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Event Report – Faith, Climate Change & Global Poverty

09/03/2010

Our first event of the year, ‘Faith, Climate Change & Global Poverty’, took place on saturday (6th March). Faith & Climate Change steering group member Rianne C. ten Veen led a group through the day exploring a range of issues including scientific data, how our faith is involved, and information on what we can do personally to move toward solving the issue. A range of different faiths were represented at the event and everyone involved had the chance to discuss the issues as relating to their particular faith.


The morning started with a powerful video of a 12 year old girl’s speech at the 1992 UN Earth Summit in Rio de Janeiro. The messages seemed to hit home so much harder coming through the voice of a child. I would advise all to watch it.

12 yr old Severn Suzuki speaking at UN Earth Summit 1992

We were shown some of the scientific data relating to climate change, a survey of peoples opinions on the matter, and how ‘No possible natural phenomenon could have caused the huge rise in temperatures experienced in the last half century’. (Wiley Interdisciplinary Reviews: Climate Change, Volume 1 Issue 1 (Jan/ Feb 2010). It is worrying to see that the evidence that scientists largely believe is by no means believed by the masses.

We then took part in a role play which meant splitting into groups of three. We took on the roles of a slum dweller, an islander and a person living in a western city. It was interesting to see how people responded and how we interpreted the problem from each different role. The climate change problem effects us all, yet all differently. We often only think of the issues from our own perspective so it was interesting to think of the issues in a wider context.


The event moved on to focus on global poverty. We discovered that an estimated 1.4 billion people were living in ‘extreme poverty’ in 2005. That is roughly ¼ of the world. It was also interesting to note that of all the people to be affected by climate disasters in 2004, 98% were in developing countries. Another alarming fact was that the cash the government claims will help developing countries cope with climate change will actually increase their unfair debts, as they are mainly in the form of loans.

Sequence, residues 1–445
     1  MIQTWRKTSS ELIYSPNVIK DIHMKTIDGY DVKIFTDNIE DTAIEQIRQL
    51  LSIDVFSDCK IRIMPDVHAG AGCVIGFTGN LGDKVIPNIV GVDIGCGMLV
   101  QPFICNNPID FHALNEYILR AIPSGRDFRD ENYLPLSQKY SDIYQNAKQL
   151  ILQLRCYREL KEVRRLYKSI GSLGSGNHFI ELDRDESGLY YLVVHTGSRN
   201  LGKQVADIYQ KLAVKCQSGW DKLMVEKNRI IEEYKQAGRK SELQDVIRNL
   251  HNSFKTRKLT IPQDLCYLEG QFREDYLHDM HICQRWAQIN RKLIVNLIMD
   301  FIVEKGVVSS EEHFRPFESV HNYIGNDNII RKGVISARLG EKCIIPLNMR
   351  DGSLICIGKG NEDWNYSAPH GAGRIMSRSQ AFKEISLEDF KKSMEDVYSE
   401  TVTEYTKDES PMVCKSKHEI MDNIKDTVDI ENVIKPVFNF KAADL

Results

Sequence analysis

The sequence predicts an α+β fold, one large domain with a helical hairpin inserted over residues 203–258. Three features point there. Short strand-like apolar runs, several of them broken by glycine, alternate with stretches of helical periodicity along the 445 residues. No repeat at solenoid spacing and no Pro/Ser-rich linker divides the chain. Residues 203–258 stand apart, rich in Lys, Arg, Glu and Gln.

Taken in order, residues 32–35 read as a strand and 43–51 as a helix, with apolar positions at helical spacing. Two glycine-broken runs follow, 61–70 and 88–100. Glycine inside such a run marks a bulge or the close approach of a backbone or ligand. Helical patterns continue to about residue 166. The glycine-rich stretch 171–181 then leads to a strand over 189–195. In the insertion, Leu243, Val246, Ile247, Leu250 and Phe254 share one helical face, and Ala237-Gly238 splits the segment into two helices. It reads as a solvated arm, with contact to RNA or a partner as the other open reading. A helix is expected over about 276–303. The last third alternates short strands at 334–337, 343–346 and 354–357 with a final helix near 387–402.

The representatives of different faiths then discussed how these issues related to their faith and how much of a priority they are in the modern world. It was interesting to hear how each faith viewed the issues and the possible resolutions. We made a list of the commonalities between the faiths:

  • Values of compassion.
  • Need for updated interpretation.
  • Need for peace and security.
  • Living values/faith obligations.
  • Working towards justice.
  • Obligation/care for community.
  • Facing shared problems.

The concluding section of the day looked at what we all as members of faith can do in terms of ‘walking the walk’. ‘The world’s faiths – joined together – could become the planets largest civil society movement for change’. (UN Assistant Secretary-General Olav Kjørven). We can begin small. Making changes to our places of worship, for example improving insulation, or creating a green group, are steps in the right direction.

The discussion moved towards creating an action plan for our places of worship. We took inspiration from the Liberal Judaism sustainable Synagogue’s audit they had already created. Even though different places involve different problems, sharing ways around these problems will always be useful, no matter the faith. We were left with the closing thought that we can only change our own actions, which in turn will change the world.

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The following picture was created by young Yasmin Hughes of North Wales, who attended the event….


Click on the picture to see the detail in a larger version.

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